Noble gas is translated from the German noun Edelgas, first used in 1898 by Hugo Erdmann to indicate their extremely low level of reactivity. The name makes an analogy to the term "noble metals", which also have low reactivity. The noble gases have also been referred to as inert gases, but this label is deprecated as many noble gas compounds are now known. Rare gases is another term that was used, but this is also inaccurate because argon forms a fairly considerable part (0.94% by volume, 1.3% by mass) of the Earth's atmosphere.
Pierre Janssen and Joseph Norman Lockyer discovered a new element on August 18, 1868 while looking at the chromosphere of the Sun, and named it helium after the Greek word for the Sun, ήλιος (ílios or helios). No chemical analysis was possible at the time, but helium was later found to be a noble gas. Before them, in 1784, the English chemist and physicist Henry Cavendish had discovered that air contains a small proportion of a substance less reactive than nitrogen. A century later, in 1895, Lord Rayleigh discovered that samples of nitrogen from the air were of a different density than nitrogen resulting from chemical reactions. Along with Scottish scientist William Ramsay at University College, London, Lord Rayleigh theorized that the nitrogen extracted from air was mixed with another gas, leading to an experiment that successfully isolated a new element, argon, from the Greek word αργός (argós, "inactive"). With this discovery, they realized an entire class of gases was missing from the periodic table. During his search for argon, Ramsay also managed to isolate helium for the first time while heating cleveite, a mineral. In 1902, having accepted the evidence for the elements helium and argon, Dmitri Mendeleev included these noble gases as group 0 in his arrangement of the elements, which would later become the periodic table.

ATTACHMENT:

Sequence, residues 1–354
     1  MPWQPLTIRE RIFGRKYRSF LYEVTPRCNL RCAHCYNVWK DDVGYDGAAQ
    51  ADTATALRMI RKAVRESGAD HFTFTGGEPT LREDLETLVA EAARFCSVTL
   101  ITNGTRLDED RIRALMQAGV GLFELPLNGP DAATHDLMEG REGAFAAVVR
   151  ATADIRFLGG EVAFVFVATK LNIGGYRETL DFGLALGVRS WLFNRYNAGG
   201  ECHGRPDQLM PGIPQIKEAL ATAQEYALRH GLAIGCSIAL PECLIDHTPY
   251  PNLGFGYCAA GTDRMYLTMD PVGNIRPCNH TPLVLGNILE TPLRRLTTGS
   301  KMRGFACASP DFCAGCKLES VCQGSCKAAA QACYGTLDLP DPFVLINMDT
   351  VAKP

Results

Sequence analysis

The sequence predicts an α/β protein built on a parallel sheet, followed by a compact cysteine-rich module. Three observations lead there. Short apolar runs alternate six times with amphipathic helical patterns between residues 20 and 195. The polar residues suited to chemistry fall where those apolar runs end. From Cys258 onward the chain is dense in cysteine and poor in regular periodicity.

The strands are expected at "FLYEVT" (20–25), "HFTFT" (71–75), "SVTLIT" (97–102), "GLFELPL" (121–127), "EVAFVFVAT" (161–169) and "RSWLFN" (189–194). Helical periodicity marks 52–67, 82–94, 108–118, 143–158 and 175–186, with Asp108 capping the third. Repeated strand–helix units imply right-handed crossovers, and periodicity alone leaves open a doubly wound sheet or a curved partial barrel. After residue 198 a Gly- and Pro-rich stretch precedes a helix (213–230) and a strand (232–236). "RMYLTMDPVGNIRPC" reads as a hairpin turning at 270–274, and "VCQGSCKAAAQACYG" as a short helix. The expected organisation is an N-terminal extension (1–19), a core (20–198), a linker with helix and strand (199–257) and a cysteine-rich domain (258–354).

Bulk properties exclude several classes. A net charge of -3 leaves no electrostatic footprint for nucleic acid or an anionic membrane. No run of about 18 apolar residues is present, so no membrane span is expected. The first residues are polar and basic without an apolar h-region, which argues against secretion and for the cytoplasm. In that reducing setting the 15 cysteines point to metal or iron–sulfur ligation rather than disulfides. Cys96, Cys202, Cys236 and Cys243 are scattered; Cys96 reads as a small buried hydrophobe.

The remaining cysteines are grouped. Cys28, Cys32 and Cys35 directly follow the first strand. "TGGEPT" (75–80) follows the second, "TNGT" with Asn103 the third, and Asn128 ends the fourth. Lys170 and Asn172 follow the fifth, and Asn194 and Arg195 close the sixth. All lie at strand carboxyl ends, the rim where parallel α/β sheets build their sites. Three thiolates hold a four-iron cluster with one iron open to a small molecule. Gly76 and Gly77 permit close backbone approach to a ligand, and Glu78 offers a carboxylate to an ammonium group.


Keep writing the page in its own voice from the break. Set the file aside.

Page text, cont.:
Ramsay continued to search for these gases using the method of fractional distillation to separate liquid air into several components. In 1898, he discovered the elements krypton, neon, and xenon, and named them after the Greek words κρυπτός (kryptós, "hidden"), νέος (néos, "new"), and ξένος (xénos, "stranger"), respectively. Radon was first identified in 1898 by Friedrich Ernst Dorn, and was named radium emanation, but was not considered a noble gas until 1904 when its characteristics were found to be similar to those of other noble gases. Rayleigh and Ramsay received the 1904 Nobel Prizes in Physics and in Chemistry, respectively, for their discovery of the noble gases; in the words of J. E. Cederblom, then president of the Royal Swedish Academy of Sciences, "the discovery of an entirely new group of elements, of which no single representative had been known with any certainty, is something utterly unique in the history of chemistry, being intrinsically an advance in science of peculiar significance".
The discovery of the noble gases aided in the development of a general understanding of atomic structure. In 1895, French chemist Henri Moissan attempted to form a reaction between fluorine, the most electronegative element, and argon, one of the noble gases, but failed. Scientists were unable to prepare compounds of argon until the end of the 20th century, but these attempts helped to develop new theories of atomic structure. Learning from these experiments, Danish physicist Niels Bohr proposed in 1913 that the electrons in atoms are arranged in shells surrounding the nucleus, and that for all noble gases except helium the outermost shell always contains eight electrons. In 1916, Gilbert N. Lewis formulated the octet rule, which concluded an octet of electrons in the outer shell was the most stable arrangement for any atom; this arrangement caused them to be unreactive with other elements since they did not require any more electrons to complete their outer shell.
In 1962 Neil Bartlett discovered the first chemical compound of a noble gas, xenon hexafluoroplatinate. Compounds of other noble gases were discovered soon after: in 1962 for radon, radon difluoride, and in 1963 for krypton, krypton difluoride (KrF
2). The first stable compound of argon was reported in 2000 when argon fluorohydride (HArF) was formed at a temperature of 40 K (−233.2 °C; −387.7 °F).
In December 1998, scientists at the Joint Institute for Nuclear Research working in Dubna, Russia bombarded plutonium (Pu) with calcium (Ca) to produce a single atom of element 114, flerovium (Fl). Preliminary chemistry experiments have indicated this element may be the first superheavy element to show abnormal noble-gas-like properties, even though it is a member of group 14 on the periodic table. In October 2006, scientists from the Joint Institute for Nuclear Research and Lawrence Livermore National Laboratory successfully created synthetically ununoctium (Uuo), the seventh element in group 18, by bombarding californium (Cf) with calcium (Ca).
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